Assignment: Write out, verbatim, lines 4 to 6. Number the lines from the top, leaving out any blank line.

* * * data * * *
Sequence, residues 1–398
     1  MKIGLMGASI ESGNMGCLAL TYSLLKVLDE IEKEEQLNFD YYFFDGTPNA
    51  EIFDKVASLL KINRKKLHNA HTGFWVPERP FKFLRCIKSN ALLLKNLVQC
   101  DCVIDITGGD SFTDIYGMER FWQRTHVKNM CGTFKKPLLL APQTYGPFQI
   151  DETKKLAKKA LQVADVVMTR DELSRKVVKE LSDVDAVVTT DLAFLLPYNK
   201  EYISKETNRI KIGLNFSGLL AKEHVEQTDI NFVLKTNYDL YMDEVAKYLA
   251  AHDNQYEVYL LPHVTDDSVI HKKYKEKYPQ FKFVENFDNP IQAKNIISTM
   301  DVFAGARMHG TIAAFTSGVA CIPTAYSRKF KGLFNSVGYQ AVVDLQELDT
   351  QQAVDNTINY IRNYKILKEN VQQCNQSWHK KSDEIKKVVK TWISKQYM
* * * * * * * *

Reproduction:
   101  DCVIDITGGD SFTDIYGMER FWQRTHVKNM CGTFKKPLLL APQTYGPFQI
   151  DETKKLAKKA LQVADVVMTR DELSRKVVKE LSDVDAVVTT DLAFLLPYNK
   201  EYISKETNRI KIGLNFSGLL AKEHVEQTDI NFVLKTNYDL YMDEVAKYLA